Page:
Borough to transfer tax foreclosed Barr Lake property to public use

An area north of Nikiski without previous public access to Barr Lake may soon have it.


The Kenai Borough Assembly is expected Tuesday to approved the transfer of a small tax-foreclosed property in the Georgine Lake Subdivision from the pending auction list to borough ownership under a provision declaring the property for use by the public.

The 1.4-acre lot sits at the north end of Barr Lake, is vacant and is mostly wetland. The parcel would be the second taken by foreclosure from Georgine Steib in the last five years. According to the Borough Assessor’s office, in November 2011, the Borough took possession of an adjacent property, directly north, after paying $506 to cover the back taxes owed by Steib, the woman who developed the surrounding area for housing and for whom a nearby lake and street are named.

Kenai Borough Mayor Mike Navarre said the recent parcel will cost taxpayers about $140.

The former Steib properties abut Georgine Lake Road; combined, they provide a corridor for public shoreline and water access to Barr Lake.

Prior to Borough ownership, the properties were subject to subdivision rules that allowed only “lot owners” within the subdivision to use the shore and access the lake’s water.

The original plat, signed in the 1970s, designated access to Barr Lake as reserved for use of the lot owners within this subdivision. The old rule would no longer apply if the borough takes ownership.

No official plan was offered by Navarre, who introduced the idea to make the shoreline public at the June 18 assembly meeting. A public hearing is set for the July 2 assembly meeting.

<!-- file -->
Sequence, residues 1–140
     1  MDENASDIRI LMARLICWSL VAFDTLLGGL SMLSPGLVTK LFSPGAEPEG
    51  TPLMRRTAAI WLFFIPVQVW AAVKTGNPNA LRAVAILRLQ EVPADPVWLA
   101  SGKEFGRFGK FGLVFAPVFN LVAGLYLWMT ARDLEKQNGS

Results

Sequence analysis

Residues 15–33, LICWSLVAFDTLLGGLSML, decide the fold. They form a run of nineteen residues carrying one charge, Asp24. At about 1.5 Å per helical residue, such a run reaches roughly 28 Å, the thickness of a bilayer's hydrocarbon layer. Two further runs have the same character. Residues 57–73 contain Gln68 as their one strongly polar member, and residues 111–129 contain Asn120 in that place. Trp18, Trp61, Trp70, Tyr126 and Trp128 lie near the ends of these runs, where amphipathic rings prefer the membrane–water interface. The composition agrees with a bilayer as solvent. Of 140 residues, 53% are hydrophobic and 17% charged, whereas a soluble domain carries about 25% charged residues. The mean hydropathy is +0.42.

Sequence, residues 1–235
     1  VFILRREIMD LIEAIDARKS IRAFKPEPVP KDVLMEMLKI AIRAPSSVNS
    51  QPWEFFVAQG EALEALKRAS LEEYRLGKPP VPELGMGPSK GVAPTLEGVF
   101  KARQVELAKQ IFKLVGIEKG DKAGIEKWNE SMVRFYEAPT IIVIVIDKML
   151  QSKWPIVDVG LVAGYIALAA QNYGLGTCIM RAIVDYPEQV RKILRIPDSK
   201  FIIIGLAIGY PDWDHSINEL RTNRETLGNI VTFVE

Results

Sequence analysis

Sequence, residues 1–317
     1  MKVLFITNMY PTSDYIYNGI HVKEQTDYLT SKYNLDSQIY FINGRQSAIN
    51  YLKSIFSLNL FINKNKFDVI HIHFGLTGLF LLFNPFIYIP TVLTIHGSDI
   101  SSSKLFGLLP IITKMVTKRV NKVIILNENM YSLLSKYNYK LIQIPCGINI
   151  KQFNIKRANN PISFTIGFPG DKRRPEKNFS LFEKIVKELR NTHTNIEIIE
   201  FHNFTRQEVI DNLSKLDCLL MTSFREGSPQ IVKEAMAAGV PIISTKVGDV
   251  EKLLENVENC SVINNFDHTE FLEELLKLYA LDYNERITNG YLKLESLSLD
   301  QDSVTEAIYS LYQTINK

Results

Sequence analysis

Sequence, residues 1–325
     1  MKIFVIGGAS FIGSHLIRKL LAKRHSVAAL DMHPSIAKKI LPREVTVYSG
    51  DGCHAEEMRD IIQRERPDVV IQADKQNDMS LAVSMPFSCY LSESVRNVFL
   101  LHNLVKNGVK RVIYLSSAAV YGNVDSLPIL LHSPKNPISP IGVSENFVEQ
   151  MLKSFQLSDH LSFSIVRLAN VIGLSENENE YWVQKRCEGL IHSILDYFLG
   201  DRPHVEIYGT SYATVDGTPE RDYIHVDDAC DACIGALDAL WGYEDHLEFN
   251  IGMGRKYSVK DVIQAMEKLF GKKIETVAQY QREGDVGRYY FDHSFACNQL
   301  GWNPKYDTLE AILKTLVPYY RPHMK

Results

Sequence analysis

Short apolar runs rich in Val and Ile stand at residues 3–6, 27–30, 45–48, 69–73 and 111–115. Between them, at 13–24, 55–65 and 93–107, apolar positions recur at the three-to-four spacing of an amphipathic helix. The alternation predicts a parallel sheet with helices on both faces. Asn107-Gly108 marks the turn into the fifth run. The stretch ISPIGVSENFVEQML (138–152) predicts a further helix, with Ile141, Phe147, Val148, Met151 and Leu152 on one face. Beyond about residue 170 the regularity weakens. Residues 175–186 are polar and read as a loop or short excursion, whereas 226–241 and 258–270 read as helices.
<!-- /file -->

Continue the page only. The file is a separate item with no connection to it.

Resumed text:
Public lands manager Marcus Mueller said there was never intent to develop the two parcels for public access. However, were a person to access the Barr Lake shore and waters through the land it would not be trespassing.

The borough has never had to argue the point that borough-owned land is open to “general use.” Conversely, if public use were to degrade shoreline habitat, restrictions might be created. Any plans to officially develop access would go through a borough planning process, Mueller said

“We manage it just like any other land,” he said.

The land parcel was to be auctioned off in the fall with hundreds more acres taken by the borough’s tax foreclosure process, including more than 35 acres in the Diamond Ridge Subdivision and at least three 40-acre sections, two of them neighboring in Ninilchik. In general, the borough would not auction off a piece of tax-foreclosed land that can’t support a house, well and septic, he said.

Mueller said the borough has seen many situations similar to the Steib property.

“It’s not uncommon; people just stop paying taxes,” Mueller said. “The practice is we retain (the property) for a public purpose.”

Reach Greg Skinner at


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